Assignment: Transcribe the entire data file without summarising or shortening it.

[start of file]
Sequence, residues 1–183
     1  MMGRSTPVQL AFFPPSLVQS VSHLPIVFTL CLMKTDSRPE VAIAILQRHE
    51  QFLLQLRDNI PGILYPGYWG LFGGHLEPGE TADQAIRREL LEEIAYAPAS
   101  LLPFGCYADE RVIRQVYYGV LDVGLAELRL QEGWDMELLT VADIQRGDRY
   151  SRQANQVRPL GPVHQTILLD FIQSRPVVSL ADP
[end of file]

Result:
Sequence, residues 1–183
     1  MMGRSTPVQL AFFPPSLVQS VSHLPIVFTL CLMKTDSRPE VAIAILQRHE
    51  QFLLQLRDNI PGILYPGYWG LFGGHLEPGE TADQAIRREL LEEIAYAPAS
   101  LLPFGCYADE RVIRQVYYGV LDVGLAELRL QEGWDMELLT VADIQRGDRY
   151  SRQANQVRPL GPVHQTILLD FIQSRPVVSL ADP